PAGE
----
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Communication Accommodation Theory

Communication Accommodation Theory focuses on the role of conversations in our lives. The theory has been incorporated in a number of different studies. For instance, accommodation has been studied in the mass media (Bell, 1991), with families (Fox, 1999), with Chinese students (Hornsey & Gallois, 1998), with the elderly (Harwood, 2002), on the job (McCroskey & Richmond, 2000), in interviews (Willemyns, Gallois, Callan, & Pittam, 1997), and even with messages left on telephone answering machines (Buzzanell, Burrell, Stafford, & Berkowitz, 1996) (see our Research Note).

There is no doubt that the theory is heuristic. The theory is expansive enough to be very complete, and it has been supported by research from diverse authors. In addition, the theory's core processes of convergence and divergence make it relatively easy to understand, underscoring the simplicity of the theory.

The strengths of the theory may be quite significant because the theory has elicited little scholarly criticism. Still, a few shortcomings of the theory merit attention. Judee Burgoon, Leesa Dillman, and Lesa Stern (1993), for example, question the convergence-divergence frame advanced by Giles. They believe that conversations are too complex to be reduced simply to these processes. They also challenge the notion that people's accommodation can be explained by just these two practices. For instance, what occurs if people both converge and diverge in conversations? Are there consequences for the speaker? The listener? What influence—if any—does race or ethnicity play in this simultaneous process? One might also question whether the theory relies too heavily on a rational way of communicating. That is, although the theory acknowledges conflict between communicators, it also rests on a reasonable standard of conflict. Perhaps you have been in conflicts that are downright nasty and with people who have no sense of reason. It appears that the theory ignores this possible dark side of communication (see Chapter 1).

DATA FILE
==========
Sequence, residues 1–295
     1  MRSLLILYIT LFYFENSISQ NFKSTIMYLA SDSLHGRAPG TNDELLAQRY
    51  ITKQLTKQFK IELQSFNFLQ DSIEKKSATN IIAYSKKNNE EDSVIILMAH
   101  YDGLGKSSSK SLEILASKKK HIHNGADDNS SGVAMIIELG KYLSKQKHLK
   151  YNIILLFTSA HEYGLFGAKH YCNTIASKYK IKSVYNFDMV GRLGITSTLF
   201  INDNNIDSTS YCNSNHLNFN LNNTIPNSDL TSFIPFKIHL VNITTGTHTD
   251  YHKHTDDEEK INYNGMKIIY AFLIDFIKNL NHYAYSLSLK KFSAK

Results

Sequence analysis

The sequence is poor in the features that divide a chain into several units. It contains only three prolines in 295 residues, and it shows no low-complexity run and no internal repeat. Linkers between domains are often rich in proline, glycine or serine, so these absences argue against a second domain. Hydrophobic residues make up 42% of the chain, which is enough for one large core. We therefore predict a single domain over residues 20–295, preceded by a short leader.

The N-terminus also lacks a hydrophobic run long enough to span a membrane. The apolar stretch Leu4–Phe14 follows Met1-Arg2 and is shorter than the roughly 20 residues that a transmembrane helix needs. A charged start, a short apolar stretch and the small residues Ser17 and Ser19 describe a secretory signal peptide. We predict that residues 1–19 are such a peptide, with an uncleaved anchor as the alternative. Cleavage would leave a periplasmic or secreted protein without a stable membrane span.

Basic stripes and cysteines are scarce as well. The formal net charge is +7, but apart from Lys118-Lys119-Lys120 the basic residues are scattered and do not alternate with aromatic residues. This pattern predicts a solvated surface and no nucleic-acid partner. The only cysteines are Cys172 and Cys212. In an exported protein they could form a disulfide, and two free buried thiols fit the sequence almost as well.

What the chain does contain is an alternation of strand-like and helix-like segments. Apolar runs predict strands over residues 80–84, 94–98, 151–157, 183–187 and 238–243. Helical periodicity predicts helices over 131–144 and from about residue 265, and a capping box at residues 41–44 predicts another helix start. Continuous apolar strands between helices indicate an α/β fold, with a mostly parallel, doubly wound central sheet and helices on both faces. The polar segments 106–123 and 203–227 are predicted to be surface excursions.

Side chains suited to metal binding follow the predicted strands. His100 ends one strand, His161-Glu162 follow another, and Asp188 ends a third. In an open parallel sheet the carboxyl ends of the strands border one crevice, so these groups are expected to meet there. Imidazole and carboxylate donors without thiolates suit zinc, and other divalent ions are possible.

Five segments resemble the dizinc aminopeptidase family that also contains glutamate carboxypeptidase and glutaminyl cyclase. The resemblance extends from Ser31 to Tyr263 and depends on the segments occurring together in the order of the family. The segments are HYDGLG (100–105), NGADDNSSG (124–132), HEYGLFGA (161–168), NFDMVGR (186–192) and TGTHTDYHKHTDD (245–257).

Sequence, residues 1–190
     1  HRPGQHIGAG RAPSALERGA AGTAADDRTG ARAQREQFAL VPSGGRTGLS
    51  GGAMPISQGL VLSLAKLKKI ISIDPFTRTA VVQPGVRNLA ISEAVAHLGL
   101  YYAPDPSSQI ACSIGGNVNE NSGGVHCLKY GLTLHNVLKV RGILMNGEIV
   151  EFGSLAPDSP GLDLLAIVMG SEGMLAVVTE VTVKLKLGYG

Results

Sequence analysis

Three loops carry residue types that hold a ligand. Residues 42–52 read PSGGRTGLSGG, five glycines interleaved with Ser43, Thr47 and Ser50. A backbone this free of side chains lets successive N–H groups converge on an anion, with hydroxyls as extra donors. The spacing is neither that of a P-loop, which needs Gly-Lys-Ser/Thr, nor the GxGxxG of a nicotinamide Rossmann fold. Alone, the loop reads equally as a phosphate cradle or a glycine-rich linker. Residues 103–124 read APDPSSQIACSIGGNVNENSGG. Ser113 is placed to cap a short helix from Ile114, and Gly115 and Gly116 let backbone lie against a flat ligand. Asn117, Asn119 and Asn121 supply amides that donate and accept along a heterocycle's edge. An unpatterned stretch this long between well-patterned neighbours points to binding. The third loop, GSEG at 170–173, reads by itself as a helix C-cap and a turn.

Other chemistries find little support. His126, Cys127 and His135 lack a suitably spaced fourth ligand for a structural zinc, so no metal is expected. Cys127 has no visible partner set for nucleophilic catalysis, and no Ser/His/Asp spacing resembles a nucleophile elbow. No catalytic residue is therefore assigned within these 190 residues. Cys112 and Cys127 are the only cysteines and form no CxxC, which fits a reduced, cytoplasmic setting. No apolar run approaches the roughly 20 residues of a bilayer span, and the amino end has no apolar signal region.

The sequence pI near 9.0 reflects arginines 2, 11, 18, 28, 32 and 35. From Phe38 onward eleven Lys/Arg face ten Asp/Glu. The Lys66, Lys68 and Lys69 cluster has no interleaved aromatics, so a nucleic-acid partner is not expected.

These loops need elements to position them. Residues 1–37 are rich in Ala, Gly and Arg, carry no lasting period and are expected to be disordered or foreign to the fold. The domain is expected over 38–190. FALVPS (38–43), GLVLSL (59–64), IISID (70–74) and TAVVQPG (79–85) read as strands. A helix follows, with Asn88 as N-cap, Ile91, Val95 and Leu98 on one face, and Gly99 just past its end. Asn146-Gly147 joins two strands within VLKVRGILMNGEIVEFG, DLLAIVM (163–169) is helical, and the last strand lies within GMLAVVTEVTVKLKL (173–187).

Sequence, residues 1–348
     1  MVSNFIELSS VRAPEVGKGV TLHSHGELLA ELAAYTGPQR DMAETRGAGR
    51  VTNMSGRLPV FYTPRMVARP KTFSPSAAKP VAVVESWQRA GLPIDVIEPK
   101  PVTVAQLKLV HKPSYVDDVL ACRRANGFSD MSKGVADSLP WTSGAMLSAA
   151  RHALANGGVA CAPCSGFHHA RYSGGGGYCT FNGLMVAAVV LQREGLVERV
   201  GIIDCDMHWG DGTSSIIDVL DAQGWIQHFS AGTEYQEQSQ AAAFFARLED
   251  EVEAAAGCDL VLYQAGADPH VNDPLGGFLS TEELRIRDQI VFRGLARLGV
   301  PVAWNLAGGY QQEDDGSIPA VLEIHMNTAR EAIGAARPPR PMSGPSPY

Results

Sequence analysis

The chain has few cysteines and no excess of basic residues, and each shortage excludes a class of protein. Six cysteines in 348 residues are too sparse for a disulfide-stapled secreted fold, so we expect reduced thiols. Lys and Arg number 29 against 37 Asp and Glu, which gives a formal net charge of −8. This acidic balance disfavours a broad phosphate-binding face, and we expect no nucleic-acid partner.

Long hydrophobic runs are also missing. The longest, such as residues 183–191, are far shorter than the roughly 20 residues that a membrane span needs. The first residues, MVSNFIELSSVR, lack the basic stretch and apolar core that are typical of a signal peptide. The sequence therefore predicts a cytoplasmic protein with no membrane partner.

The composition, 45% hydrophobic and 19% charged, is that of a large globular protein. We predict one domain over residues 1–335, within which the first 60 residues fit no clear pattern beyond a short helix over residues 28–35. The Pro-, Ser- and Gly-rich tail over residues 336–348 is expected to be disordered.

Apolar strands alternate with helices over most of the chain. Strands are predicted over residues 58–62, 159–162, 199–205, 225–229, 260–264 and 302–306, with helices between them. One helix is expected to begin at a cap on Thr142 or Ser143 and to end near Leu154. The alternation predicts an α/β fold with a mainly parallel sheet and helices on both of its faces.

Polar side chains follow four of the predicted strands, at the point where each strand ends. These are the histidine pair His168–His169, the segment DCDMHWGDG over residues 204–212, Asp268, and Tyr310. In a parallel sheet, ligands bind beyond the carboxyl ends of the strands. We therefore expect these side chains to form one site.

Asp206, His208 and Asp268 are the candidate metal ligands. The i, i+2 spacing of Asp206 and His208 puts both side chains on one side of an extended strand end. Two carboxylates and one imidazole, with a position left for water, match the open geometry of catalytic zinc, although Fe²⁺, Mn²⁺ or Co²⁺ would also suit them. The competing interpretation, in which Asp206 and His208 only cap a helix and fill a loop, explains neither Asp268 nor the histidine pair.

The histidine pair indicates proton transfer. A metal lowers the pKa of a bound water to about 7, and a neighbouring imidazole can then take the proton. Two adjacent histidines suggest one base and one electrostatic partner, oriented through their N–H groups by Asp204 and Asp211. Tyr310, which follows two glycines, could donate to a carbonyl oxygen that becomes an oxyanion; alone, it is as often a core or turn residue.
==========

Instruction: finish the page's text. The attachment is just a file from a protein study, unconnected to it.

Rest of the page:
In his earlier writings on the theory, Giles challenged researchers to apply Communication Accommodation Theory across the life span and in different cultural settings. For the most part, his suggestions have been heeded. His research has broadened our understanding of why conversations are so complex. Through convergence, Giles sheds light on why people adapt to others in their interactions. Through divergence, we can understand why people choose to ignore adapting strategies. He has pioneered a theory that has helped us better understand the culture and diversity around us.

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